These problems were addressed in the method ESLiM, proposed here, following some strategic criteria: (a) provide and use a stringent definition of “gene core” to calculate the gene signal (as described in Figure 2); (b) use an approach for the expression calculations based on linear regression models that combines analysis of the signal from multiple samples for each gene-exon pair (this criteria allows to obtain best-performing metrics when using multiple arrays assessed simultaneously) ; (c) use an unambiguous mapping of all probes to the currently known expressed biological entities, i.e. to the known human protein-coding gene loci and to each specific exon defined on the loci (taking the mapping provided by GATExplorer) . Exon junction probes are not considered in this study for two reasons: (i) the generation of exon arrays that we are analyzing are no designed to have exon-exon junction probes because they are based on genome sequence and on the location of exons and introns as defined in the reference human genome (i.e. the probes on the array were not designed to map on cDNAs); (ii) the identification of alternative splicing events is based on the individual precise measurement of each exon with specific probes plus the correct estimation of the whole gene expression. The exon-junction probes would be ambiguous for one specific exon and, as indicated above, in the analyses only “non-ambiguous probes” have been considered.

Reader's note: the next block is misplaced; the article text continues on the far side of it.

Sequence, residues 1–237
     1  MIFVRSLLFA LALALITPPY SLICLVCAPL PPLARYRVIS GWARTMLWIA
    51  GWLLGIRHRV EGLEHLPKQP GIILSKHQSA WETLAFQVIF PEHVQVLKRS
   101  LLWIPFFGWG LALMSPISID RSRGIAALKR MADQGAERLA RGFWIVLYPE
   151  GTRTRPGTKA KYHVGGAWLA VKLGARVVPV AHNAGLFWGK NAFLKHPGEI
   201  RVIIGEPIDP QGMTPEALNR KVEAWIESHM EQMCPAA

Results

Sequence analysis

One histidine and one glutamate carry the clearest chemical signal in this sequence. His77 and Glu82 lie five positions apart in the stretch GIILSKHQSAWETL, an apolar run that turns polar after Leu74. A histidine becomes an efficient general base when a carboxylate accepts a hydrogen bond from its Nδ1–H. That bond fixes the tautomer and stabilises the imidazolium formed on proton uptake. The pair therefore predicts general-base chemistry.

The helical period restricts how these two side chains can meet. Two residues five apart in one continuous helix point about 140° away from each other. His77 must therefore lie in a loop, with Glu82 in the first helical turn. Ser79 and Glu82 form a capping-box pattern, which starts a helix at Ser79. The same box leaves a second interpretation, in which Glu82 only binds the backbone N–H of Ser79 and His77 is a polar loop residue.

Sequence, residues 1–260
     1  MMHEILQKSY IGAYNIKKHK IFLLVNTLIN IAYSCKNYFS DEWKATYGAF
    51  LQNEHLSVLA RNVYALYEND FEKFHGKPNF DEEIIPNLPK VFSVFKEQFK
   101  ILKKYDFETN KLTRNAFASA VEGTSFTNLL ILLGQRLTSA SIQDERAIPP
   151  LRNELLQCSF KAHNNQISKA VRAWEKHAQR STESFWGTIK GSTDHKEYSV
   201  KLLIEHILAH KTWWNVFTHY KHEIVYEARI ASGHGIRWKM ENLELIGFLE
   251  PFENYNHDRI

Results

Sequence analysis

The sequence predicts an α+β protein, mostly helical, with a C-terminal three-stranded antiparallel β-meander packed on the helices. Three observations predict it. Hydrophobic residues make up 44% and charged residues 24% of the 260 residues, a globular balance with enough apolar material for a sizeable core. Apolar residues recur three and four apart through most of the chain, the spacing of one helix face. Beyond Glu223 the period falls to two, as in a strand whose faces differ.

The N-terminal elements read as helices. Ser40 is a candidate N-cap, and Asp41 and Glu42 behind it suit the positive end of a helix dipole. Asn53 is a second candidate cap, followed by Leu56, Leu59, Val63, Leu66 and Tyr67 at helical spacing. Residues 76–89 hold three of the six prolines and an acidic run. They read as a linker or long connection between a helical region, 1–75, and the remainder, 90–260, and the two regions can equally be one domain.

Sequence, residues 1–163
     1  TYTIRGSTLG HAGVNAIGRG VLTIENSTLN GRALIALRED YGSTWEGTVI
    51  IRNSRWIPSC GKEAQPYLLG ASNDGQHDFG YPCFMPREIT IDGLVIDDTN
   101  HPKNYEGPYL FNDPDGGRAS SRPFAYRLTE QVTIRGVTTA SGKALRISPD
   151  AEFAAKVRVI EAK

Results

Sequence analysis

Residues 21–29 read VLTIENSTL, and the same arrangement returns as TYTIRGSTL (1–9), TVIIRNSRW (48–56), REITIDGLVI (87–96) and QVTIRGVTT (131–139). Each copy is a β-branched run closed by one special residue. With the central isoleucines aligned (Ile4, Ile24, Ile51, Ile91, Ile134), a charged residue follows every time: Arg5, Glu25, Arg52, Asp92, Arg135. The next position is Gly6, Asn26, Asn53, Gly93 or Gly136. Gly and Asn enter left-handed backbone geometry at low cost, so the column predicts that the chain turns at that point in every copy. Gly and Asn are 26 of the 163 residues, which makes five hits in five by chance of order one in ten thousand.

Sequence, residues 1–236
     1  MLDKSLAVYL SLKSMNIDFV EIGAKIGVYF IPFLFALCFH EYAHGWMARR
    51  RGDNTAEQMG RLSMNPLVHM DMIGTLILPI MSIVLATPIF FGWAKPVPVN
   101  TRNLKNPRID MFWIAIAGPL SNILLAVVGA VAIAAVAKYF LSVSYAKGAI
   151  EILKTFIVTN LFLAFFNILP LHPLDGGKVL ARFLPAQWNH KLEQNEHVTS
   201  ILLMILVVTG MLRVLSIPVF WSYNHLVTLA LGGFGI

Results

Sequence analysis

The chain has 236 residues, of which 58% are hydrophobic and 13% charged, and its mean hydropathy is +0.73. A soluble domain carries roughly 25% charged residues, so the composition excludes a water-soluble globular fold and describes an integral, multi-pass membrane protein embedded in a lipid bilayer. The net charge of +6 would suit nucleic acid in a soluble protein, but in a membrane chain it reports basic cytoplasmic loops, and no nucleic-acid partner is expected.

A key rationale behind the method proposed is that, in the absence of alternative splicing events, an increase in the global expression of a gene should correspond to a higher expression in all its exons. Having datasets with multiple samples we can test such correspondence since the data allow the establishment of a relationship between the signals of each gene and the signals of each exon. Such a relationship can be modeled using linear regression analysis. In the formula below, the expected expression of the exon i that belongs to gene j and biological sample k, is linearly dependent on the expression of the gene g following a slope s. Each exon-gene pair will have its own slope depending on the accumulated characteristics of their detecting probes: